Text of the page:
For some sectors the impact of the climate transition is negligible – healthcare, information technology, and financials, for example. In general, these sectors have a low-carbon intensity, so this should come as no surprise.
The biggest effects will be felt in the energy sector, which contains the big fossil-fuel producers. The fair value impairment for this sector is 28%.
This means that, at the time the scenario analysis was run (June 2021), the estimate of the net present value of the sector’s future cash flows was 28% lower than the value assigned by the market price. Essentially, this is because we forecast a quicker decline in global oil demand than that assumed by the markets (in our probability-weighted mean scenario).
Conversely, utility is the one sector that stands to gain – with a 10% uplift in fair value compared to market prices. In our mean scenario, we expect more demand for electricity in a decarbonising world, creating potential for faster growth overall in this sector.
What does this mean for SAA?
Our approach is similar to the paradigms model we use more generally in SAA. The focus is on calculating the ‘expected’ impact on annualised returns in the probability-weighted mean across scenarios.
To calculate this we aggregate the individual company impairments for each of our regional equity indices. We then make two important assumptions:
1. The market mispricing implied by our impairment calculation is ‘corrected’ within five years. It is reasonable to assume that the mispricing will be corrected, but five years is an arbitrary time period. It’s hard to know what will trigger the correction or when it will occur. This assumption means that if a company has a -10% impairment in the climate scenario analysis, this translates into approximately a -2% per annum impact on returns in each of the next five years.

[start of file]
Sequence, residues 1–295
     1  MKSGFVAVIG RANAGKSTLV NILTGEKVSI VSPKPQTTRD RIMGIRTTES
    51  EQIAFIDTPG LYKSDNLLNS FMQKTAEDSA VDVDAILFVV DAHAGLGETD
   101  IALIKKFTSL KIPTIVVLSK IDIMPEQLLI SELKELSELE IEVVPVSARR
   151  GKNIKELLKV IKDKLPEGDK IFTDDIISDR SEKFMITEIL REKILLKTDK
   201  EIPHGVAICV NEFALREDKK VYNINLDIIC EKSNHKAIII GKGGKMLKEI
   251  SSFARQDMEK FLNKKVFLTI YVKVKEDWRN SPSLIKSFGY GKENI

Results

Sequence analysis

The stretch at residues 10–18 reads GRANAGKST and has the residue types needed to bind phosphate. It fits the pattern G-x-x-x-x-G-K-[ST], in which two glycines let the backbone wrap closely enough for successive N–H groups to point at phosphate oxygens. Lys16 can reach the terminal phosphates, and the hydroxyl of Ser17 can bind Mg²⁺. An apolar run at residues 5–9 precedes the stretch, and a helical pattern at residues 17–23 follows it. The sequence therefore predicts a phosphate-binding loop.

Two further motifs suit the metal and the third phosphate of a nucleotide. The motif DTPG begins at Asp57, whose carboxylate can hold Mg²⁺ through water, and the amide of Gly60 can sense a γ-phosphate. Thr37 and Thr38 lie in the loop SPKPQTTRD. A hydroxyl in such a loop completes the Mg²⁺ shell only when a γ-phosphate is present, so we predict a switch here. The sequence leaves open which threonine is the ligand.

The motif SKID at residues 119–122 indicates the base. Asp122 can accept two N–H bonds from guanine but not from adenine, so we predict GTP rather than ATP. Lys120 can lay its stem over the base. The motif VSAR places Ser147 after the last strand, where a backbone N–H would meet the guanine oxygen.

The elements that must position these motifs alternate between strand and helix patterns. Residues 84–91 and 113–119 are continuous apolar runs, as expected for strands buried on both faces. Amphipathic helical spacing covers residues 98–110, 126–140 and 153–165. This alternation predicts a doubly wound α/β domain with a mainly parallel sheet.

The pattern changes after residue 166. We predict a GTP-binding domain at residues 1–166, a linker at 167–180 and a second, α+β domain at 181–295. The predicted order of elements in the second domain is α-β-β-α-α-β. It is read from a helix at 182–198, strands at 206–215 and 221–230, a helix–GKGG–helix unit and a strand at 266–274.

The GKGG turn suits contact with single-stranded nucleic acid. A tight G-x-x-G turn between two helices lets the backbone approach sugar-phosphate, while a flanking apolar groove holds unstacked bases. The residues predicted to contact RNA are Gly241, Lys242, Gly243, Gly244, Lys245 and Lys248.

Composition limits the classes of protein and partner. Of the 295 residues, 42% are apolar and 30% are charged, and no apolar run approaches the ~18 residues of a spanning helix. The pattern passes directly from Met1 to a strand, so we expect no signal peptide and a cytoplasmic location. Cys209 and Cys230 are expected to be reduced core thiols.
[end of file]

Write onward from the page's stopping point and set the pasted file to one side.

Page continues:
2. Climate risk is ‘orthogonal’ to macro-economic paradigms. We assume there’s no relationship between economic paradigms and climate transition assumptions (‘orthogonal’ in the technical jargon). This isn’t entirely realistic – carbon emissions growth will likely be slower in a ‘Deflationary Slump’ paradigm (i.e. low or negative real economic growth with no inflation) than in a ‘Back to the New Normal’ paradigm (i.e. elevated corporate activity generating strong growth) that results in higher emissions. However, at this stage, it’s not practical to run combined economic and climate scenarios across the 16 x 6 combined scenarios we explore. The upshot of this assumption is that we can simply add the expected climate impairment impact to the expected paradigm return.